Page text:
Myanmar courts reject prominent death row appeals, order first death by hanging

Myanmar’s junta-led courts have rejected appeals by a deposed lawmaker and a prominent former activist of their death sentences on “terrorism” charges, an official told RFA, while a young man became the latest of dozens sentenced to death since the coup last year and the first ordered to die by hanging.

The failed appeals and new verdict come amid a surge in death sentences under martial law in Myanmar, where the military has transferred the authority to try cases of civilians to special or existing military tribunals, resulting in what rights groups say are summary proceedings with no chance of appeal.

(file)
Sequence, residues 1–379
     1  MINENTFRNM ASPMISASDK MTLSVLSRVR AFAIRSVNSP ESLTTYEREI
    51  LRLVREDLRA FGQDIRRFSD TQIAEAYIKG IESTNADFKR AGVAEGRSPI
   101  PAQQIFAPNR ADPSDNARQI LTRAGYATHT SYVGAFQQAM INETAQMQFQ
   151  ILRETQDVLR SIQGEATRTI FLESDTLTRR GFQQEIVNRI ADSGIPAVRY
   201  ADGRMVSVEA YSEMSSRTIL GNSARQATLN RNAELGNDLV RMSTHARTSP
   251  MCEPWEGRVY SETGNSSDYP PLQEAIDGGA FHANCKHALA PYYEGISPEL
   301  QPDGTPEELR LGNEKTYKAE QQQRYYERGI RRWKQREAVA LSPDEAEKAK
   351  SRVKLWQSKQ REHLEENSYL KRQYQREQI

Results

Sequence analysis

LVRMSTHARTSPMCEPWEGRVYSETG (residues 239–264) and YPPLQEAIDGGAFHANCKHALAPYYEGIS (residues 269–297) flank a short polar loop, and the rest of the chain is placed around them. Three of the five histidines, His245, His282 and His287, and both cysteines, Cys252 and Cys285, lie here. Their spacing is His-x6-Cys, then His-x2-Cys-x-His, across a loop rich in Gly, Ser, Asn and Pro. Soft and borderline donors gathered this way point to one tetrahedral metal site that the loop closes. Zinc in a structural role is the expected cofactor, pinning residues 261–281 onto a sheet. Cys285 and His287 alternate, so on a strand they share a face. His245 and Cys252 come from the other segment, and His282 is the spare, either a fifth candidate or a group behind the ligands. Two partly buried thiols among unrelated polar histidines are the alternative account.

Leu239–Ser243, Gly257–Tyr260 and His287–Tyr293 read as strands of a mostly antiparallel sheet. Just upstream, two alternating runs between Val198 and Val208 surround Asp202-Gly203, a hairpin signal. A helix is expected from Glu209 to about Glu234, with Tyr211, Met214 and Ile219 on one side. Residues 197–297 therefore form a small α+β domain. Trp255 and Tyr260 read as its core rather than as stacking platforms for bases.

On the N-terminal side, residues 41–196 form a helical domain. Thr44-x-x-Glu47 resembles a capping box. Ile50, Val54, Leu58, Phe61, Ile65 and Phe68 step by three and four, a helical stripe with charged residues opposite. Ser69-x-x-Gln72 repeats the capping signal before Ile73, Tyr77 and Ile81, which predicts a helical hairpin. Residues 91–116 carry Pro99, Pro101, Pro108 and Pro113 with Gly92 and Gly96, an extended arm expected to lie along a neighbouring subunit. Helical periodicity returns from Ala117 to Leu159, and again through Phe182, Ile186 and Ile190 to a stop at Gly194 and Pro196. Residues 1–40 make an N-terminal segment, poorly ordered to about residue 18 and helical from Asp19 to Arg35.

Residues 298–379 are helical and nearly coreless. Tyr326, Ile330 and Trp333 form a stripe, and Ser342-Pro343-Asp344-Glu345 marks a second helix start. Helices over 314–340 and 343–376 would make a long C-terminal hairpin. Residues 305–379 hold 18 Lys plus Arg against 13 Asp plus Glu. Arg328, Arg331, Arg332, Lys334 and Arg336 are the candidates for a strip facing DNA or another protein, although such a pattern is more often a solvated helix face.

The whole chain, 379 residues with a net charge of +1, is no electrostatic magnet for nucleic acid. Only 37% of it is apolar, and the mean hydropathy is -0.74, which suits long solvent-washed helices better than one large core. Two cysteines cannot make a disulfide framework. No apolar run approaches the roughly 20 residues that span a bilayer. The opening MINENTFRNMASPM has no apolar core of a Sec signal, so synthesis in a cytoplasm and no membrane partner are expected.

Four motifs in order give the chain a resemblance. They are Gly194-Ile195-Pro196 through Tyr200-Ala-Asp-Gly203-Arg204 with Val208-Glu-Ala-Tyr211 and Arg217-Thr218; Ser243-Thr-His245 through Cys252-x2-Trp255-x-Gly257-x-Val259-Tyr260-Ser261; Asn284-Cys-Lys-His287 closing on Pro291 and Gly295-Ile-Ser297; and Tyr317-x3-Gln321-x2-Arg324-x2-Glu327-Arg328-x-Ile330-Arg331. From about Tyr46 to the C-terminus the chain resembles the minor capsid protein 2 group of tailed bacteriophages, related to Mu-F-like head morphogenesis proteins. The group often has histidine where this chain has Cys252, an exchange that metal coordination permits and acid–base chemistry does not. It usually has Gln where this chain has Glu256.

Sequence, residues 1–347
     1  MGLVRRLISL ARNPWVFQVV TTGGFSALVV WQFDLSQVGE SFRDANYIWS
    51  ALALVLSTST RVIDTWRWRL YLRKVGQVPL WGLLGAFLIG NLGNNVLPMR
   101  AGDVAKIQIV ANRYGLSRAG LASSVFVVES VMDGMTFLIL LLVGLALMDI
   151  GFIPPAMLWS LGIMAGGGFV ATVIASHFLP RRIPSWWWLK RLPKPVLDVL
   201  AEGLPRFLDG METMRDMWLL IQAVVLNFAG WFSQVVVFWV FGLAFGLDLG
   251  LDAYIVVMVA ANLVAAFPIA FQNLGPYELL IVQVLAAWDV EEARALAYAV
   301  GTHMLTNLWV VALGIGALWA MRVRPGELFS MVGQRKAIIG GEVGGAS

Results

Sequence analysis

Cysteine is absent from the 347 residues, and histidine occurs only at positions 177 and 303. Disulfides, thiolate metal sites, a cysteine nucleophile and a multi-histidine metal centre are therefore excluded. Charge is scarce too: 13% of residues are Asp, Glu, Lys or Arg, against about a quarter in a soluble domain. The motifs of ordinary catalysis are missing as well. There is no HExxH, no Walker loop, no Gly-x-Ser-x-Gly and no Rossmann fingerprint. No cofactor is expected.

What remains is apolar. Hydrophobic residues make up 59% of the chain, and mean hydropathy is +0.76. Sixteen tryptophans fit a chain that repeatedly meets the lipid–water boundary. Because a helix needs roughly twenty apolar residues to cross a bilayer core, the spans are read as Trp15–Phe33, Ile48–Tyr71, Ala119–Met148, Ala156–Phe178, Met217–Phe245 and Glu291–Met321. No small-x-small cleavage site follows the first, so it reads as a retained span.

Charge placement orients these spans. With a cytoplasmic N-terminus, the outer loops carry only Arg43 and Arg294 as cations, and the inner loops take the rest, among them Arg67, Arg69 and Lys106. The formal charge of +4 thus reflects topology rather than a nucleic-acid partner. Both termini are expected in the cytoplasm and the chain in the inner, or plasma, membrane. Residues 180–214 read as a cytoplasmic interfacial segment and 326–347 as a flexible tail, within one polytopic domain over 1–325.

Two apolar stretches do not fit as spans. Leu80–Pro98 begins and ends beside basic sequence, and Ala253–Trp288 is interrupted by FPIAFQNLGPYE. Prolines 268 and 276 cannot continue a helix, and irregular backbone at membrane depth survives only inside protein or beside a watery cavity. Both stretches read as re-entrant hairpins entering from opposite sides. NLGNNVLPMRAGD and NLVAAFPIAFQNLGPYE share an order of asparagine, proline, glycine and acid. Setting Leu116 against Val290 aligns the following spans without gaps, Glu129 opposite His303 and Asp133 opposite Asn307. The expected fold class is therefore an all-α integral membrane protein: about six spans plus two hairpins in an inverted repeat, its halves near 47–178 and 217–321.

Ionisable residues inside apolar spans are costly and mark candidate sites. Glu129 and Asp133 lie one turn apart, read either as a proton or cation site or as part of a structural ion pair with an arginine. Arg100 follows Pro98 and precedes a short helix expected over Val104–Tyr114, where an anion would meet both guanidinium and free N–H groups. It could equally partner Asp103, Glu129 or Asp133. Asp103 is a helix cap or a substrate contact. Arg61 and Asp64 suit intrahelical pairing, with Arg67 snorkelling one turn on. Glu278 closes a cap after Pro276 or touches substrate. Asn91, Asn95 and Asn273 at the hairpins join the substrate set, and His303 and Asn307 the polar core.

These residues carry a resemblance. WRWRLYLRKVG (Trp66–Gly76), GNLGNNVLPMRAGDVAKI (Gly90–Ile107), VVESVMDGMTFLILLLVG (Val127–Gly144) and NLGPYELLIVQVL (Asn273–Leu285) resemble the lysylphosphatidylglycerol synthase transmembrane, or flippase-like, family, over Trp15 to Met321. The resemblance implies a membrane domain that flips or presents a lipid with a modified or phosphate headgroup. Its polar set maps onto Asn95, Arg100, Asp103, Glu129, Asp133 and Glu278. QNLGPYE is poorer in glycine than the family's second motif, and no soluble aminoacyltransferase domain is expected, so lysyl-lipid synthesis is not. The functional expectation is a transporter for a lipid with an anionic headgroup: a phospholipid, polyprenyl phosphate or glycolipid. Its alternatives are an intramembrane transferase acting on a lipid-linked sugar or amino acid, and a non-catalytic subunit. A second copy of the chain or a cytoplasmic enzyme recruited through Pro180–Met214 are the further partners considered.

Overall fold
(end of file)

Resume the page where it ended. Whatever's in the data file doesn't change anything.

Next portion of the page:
The last execution in Myanmar — that of student leader Salai Tin Maung Oo — was known to take place in 1988, during the time of the late Gen. Ne Win, according to London-based rights group Amnesty International.

Former National League for Democracy (NLD) lawmaker Phyo Zeyar Thaw, 88 Generation leader Ko Jimmy, and two others lost appeals of their death sentences, junta deputy minister of information, Maj. Gen. Zaw Min Tun, said Friday, adding that their executions would be carried out “in accordance with prison rules.”

“Once the death penalty is imposed, there are procedural steps to follow. An appeal must be made. When the appeal is turned down and the sentence upheld, the death penalty will be carried out,” he said.